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Transparency the price insurance can’t afford:: MP’s have claims management companies in their sights


As I have been saying for several years, when it comes to TRANSPARENCY for the insurance industry, “resistance is futile”!!!

Whether the current concern is broker commission disclosure, OFT investigations in pricing and activities of the motor insurance market, the collapse of Merlin Loss Adjusters, appalling customer service or Loss Assessors being sent to prison THE MESSAGE IS CERTAINLY TRANSPARENT…but, for how much longer can the industry remain in denial?

The decision of government business managers to schedule a three hour backbench debate next Thursday (8 November) on the Regulation of Claims Management Companies shows the level of concern across all parties at the activities of these firms, especially in relation to personal injury claims and payment protection insurance (PPI) compensation.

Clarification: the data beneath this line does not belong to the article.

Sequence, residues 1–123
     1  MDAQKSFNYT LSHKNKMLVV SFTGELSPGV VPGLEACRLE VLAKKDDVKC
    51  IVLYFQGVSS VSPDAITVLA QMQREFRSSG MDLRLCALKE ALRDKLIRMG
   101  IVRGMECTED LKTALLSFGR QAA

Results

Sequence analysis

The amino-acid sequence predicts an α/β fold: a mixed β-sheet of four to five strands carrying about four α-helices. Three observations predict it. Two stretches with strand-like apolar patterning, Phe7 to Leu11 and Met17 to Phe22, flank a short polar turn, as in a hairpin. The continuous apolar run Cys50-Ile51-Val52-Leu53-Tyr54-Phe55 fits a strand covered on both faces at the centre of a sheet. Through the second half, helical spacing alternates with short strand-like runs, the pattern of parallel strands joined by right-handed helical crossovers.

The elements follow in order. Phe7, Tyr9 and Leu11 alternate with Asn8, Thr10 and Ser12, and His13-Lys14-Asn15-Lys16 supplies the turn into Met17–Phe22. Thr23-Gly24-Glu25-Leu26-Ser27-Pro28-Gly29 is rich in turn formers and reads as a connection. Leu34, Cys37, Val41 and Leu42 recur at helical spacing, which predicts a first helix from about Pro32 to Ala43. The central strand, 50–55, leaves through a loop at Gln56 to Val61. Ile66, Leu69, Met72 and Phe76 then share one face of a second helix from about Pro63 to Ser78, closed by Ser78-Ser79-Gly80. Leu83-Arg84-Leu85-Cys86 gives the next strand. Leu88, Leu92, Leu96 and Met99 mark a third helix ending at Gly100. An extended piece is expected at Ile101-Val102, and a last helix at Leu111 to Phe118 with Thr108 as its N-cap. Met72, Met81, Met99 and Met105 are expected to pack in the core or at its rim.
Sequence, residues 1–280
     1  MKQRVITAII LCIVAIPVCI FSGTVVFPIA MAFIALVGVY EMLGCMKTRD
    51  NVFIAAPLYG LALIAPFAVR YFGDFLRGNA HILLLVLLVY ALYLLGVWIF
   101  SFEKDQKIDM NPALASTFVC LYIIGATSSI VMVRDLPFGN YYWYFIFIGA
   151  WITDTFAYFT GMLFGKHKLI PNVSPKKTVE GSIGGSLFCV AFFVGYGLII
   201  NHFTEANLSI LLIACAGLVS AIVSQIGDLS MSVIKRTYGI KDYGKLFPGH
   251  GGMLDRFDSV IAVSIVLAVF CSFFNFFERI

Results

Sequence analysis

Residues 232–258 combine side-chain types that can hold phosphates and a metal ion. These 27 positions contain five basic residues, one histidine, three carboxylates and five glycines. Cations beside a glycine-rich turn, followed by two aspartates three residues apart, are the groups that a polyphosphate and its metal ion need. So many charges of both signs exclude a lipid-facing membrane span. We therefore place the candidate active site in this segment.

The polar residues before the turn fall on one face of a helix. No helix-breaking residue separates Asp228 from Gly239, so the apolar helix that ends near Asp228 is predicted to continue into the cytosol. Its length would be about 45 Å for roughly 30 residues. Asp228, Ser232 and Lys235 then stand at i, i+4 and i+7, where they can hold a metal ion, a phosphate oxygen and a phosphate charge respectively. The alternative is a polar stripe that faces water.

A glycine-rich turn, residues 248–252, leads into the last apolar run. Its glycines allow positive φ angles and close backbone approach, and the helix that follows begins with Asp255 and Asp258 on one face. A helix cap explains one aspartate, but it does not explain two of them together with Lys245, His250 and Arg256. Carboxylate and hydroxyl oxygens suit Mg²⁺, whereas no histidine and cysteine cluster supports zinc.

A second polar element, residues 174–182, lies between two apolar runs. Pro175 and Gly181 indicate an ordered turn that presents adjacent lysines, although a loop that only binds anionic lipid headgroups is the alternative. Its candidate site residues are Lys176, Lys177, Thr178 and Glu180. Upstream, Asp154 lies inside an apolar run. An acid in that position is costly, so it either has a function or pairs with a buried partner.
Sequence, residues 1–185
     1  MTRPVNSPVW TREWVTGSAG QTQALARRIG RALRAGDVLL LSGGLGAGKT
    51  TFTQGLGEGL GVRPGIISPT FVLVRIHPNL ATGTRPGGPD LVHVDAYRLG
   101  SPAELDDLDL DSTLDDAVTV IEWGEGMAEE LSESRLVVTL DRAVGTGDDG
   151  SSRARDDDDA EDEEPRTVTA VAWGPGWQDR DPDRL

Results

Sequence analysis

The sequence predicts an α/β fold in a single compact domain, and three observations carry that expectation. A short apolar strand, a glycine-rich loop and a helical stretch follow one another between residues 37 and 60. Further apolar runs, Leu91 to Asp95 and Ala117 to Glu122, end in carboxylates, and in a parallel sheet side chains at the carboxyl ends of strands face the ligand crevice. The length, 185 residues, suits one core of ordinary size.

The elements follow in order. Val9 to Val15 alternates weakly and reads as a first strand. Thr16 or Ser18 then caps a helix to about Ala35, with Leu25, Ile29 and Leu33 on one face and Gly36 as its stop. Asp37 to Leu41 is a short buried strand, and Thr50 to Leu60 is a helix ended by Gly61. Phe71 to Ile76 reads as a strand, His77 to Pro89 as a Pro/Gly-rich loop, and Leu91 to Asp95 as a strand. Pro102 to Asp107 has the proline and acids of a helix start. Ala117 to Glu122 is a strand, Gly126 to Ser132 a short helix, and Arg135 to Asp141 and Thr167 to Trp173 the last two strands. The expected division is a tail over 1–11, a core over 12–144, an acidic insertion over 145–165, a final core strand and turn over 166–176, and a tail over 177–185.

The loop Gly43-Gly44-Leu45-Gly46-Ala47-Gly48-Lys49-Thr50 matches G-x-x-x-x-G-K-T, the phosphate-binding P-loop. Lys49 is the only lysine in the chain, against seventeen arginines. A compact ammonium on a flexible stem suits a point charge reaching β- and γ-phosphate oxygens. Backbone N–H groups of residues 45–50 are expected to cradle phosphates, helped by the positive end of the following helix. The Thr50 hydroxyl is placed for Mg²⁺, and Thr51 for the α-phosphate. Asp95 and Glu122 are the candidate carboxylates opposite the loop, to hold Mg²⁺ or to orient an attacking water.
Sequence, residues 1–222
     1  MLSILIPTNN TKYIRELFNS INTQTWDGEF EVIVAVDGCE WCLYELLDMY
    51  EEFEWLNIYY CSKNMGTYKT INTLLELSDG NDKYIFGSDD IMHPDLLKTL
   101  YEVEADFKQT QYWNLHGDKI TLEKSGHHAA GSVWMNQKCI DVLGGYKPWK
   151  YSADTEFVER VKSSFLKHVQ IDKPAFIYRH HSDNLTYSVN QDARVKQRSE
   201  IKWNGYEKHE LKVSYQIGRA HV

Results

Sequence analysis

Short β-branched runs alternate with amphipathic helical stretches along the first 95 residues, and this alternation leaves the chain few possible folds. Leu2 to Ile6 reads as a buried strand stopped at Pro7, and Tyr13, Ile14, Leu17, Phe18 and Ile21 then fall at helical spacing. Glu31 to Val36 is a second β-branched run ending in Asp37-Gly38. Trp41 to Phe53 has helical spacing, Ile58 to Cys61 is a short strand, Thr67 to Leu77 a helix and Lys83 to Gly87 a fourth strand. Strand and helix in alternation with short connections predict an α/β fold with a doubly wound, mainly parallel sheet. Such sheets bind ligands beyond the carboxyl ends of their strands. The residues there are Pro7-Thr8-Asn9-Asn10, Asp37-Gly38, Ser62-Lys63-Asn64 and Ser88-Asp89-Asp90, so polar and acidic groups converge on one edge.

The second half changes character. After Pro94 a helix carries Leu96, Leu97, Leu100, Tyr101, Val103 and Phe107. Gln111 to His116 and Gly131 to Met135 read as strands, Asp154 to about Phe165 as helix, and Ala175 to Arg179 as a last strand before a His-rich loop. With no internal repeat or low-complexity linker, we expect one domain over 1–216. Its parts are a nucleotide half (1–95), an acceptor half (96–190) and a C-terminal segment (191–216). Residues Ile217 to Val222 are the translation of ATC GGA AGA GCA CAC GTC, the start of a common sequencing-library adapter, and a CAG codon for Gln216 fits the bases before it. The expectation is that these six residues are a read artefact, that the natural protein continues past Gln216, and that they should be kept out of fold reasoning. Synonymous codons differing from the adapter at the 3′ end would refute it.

via MPs have claims management companies in their sights- 01 Nov 2012 – Post Online Blog.

So we have a “dysfunctional” motor market…or is that just the tip of the iceberg?


MY point is that, whilst steps are now being taken to tackle this problem the fact remains that, as usual, it is the “customer” who foots the bill.

Sadly, it is a similar story when it comes to dealing with household claims, except that the lawyers have been replaced by insurer-sponsored Repairer Networks and nationwide franchise operations. Their interest is in recovering the margin (and more) – squeezed out of them by insurers in return for “approved repairer” status – by cutting corners or inflating reinstatement or repair costs on multiple claims.